pokemon.types = item[“attacks.item.key”]
    data.add(pokemon)
    }

    // Return the data structure, which Crafter CMS will MARSHALL into JSON automatically
    return data

  • Now that our REST service is defined we can test it.  Open a browser to the following URL:      http://localhost:8080/studio/preview/#/?page=/api/1/services/pokemon.json&site=poledexpokemon-test-rest

Step 6: Update the app to use the RESTful Service

We’re in the home stretch now!  We have a dynamic service that updates any time we add, update or remove Pokemon content.  All we have to do now is change the application to use the new service.

6.1 Update src/app/shared/services/pokemon.service.ts

  • Add the following import:
    import { Response } from '@angular/http';
  • Add the following method:
    public getPokemon() {
    return this.http.get('/api/1/services/pokemon.json').map((res: Response) => res.json());
    }
  • Update the constructor to use the new getPokemon method:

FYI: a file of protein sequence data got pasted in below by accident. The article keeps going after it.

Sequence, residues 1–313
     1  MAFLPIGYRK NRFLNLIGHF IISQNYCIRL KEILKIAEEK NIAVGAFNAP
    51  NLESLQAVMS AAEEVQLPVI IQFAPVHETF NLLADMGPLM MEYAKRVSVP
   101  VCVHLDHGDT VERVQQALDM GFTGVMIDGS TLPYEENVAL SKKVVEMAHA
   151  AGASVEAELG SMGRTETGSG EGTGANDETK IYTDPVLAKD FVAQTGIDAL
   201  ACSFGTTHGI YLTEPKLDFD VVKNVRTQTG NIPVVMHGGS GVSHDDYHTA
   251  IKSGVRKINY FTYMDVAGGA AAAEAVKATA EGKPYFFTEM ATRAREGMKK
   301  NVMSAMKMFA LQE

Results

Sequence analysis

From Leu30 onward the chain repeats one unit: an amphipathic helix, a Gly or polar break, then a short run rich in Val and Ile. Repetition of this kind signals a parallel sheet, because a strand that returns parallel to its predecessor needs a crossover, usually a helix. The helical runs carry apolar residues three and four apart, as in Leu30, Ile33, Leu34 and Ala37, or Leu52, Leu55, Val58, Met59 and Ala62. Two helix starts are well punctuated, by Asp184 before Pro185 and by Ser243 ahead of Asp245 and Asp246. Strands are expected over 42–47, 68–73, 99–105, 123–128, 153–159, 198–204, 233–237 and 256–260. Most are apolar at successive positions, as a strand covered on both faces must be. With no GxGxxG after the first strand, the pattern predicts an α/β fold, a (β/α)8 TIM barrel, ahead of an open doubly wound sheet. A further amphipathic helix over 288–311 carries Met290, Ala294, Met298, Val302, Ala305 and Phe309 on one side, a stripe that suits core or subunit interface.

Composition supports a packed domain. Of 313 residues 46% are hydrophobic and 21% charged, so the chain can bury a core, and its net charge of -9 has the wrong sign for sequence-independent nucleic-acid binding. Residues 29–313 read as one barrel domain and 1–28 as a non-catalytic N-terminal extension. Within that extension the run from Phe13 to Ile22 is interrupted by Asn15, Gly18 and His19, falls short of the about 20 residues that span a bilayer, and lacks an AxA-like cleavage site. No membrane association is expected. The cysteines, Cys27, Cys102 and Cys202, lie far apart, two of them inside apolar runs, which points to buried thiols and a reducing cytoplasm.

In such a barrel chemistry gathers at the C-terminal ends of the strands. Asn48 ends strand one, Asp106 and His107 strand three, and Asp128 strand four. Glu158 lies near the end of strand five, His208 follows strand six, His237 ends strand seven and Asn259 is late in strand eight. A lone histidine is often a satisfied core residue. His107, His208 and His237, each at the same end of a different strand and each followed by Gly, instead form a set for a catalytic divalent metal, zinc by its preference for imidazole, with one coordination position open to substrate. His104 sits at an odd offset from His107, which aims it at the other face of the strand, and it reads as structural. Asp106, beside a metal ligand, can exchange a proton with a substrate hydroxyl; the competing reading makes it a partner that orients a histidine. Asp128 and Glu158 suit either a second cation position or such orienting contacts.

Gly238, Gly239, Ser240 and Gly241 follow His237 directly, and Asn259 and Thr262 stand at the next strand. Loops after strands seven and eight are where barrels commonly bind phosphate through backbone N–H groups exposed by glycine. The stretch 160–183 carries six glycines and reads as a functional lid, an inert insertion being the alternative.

constructor(private http: Http) {
    this.store = { pokemon: pokemonData };
    this._pokemon = new BehaviorSubject(Object.assign({}, this.store).pokemon);
    this.pokemon = this._pokemon.asObservable().map(pokemon => pokemon.map(p =>         this.setPokemon(p)));
    this.pokemon = this.getPokemon();
    }
  • Rebuild your distribution by executing ng buld
  • In the CMS, Under the Site Content Panel:
    • Click on Site Content in the menu at the top of the screen. This will open a panel on the left
    • Click on the Static Assets label this will open the folder.
    • Right click on static-assets folder and choose Bulk Upload Assets
    • Drag/drop main.bundle.js and main.bundle.map to upload the latest build into the CMS.

update-app-js-pokemon

  • Under pages in the Site Content panel click home to load the preview and test the application.updated-pokemon-app